He said Tomlinson did not learn from his first stint in prison and needed to be remanded for a long time.

“Our family’s been through a lot, their family’s been through a lot,” he said. “These kind of acts, the people who commit them cannot be on the street.”

Tomlinson faces a long stint in prison. Because he was on parole at the time of the incident, he now faces the maximum sentence for armed robbery and conspiracy to commit armed robbery. The 12 to 17 years he faces for the Butler case would be served consecutively to that sentence.

On Jan. 30, Tomlinson was found guilty of two counts of assault with intent to commit great bodily harm, reduced from two counts of assault with intent to murder, two counts of assault with a dangerous weapon, two counts of unlawful imprisonment, carrying a concealed weapon and being a felon in possession of a firearm. In a bench trial Shelton found him guilty on two additional counts of possession of a firearm during the commission of a felony.

Tomlinson now has 19 convictions — 12 felonies and seven misdemeanors, according to Shelton.

Desir pleaded no contest on Jan. 28 to assault with intent to murder and guilty to assault with a dangerous weapon, unlawful imprisonment, conspiracy to commit unlawful imprisonment and carrying a concealed weapon, records show.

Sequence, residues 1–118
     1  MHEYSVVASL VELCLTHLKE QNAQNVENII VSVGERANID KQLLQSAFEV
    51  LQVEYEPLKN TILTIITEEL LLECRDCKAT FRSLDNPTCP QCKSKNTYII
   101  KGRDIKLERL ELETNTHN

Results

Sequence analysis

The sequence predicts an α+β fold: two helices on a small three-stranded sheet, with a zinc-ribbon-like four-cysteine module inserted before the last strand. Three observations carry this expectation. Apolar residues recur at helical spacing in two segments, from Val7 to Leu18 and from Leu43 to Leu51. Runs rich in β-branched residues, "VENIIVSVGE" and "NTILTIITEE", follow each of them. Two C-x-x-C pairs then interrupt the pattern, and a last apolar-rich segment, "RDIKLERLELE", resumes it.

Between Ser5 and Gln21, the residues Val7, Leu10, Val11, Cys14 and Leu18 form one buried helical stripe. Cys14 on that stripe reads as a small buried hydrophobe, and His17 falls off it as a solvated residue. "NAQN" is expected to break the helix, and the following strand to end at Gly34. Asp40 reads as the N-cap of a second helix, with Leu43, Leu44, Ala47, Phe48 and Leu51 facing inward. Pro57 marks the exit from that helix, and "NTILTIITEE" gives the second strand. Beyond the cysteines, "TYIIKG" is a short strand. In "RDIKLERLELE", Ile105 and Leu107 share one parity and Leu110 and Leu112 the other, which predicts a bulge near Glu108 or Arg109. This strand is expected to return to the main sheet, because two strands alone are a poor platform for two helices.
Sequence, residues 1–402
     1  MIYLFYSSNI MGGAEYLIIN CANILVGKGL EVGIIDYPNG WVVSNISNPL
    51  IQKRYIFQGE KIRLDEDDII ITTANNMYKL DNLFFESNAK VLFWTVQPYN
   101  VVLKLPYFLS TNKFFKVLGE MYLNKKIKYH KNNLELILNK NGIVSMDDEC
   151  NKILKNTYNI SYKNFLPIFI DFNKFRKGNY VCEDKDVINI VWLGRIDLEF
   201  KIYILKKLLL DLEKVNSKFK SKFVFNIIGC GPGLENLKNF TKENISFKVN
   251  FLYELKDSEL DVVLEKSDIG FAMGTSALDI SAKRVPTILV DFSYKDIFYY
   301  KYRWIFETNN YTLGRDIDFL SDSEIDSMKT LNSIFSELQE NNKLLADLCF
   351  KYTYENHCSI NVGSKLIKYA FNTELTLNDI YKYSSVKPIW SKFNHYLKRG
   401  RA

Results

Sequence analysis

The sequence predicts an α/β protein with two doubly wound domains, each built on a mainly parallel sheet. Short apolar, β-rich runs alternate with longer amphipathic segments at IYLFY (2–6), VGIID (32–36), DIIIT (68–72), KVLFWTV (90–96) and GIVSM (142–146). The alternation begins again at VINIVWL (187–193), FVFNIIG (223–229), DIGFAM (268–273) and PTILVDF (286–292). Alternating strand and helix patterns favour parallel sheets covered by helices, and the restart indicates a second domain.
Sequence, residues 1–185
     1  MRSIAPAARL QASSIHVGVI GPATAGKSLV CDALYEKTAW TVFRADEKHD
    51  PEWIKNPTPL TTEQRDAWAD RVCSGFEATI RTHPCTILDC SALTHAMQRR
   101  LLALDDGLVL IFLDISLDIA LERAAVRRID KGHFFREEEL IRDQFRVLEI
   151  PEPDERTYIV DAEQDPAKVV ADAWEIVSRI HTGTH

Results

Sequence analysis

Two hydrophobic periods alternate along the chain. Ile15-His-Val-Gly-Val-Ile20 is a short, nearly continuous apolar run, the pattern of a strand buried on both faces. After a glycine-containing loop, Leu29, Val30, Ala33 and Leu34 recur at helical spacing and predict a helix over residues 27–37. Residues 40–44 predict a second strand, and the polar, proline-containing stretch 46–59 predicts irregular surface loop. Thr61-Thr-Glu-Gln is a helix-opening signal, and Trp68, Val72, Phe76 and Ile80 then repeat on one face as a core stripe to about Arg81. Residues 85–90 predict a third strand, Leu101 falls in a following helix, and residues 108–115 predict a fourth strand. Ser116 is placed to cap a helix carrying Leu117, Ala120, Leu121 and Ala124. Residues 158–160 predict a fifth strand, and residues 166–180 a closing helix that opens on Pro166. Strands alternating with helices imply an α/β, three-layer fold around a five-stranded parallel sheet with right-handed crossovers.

In exchange, charges of assault with intent to commit great bodily harm, two charges of assault with a dangerous weapon, conspiracy to commit assault with a dangerous weapon, assault with intent to murder, assault with intent to commit bodily harm and possession of a firearm during the commission of a felony were all dropped, according to court records.

These were Desir’s first convictions as an adult. He was given credit for serving 196 days in jail.

Both men were sentenced for their other convictions as well, however, all those sentences run concurrent to the unlawful imprisonment charge.

Shelton elected to sentence both Desir and Tomlinson above the guidelines for unlawful imprisonment due to the nature of the crime. Desir originally agreed to a sentencing agreement that would have put him away for 12 to 20 years, but Shelton refused to honor that agreement because he did not want to sentence Desir longer than Tomlinson.

Washtenaw County Assistant Prosecutor Blaine Longsworth decided not to withdraw the plea agreement, despite Shelton choosing to sentence Desir to a shorter time in prison. He had asked Shelton to sentence Tomlinson to 10 to 15 years on that charge and believed it was appropriate for Desir.

Longsworth said Tomlinson’s criminal history started in 1999 and he believed it would continue if he leaves prison.

Tomlinson is “a dangerous and unique threat to the public,” Longsworth said.

Kyle Feldscher covers cops and courts for He can be reached at or you can follow him on Twitter.



Wed, Feb 27, 2013 : 6:38 p.m. states... slan·der/?slænd?r/ Show Spelled [slan-der] Show IPA noun 1. defamation; calumny: rumors full of slander. 2. a malicious, false, and defamatory statement or report: a slander against his good name. 3. Law. defamation by oral utterance rather than by writing, pictures, etc. verb (used with object) 4. to utter slander against; defame. verb (used without object) 5. to utter or circulate slander.


Wed, Feb 27, 2013 : 5:02 p.m.

Until we as citizens understand the legal system inside and out we as citizens need to think twice before posting slander. Learn the guidelines oh wise Citizens of Washtenaw County. Cause at this point you sound foolish.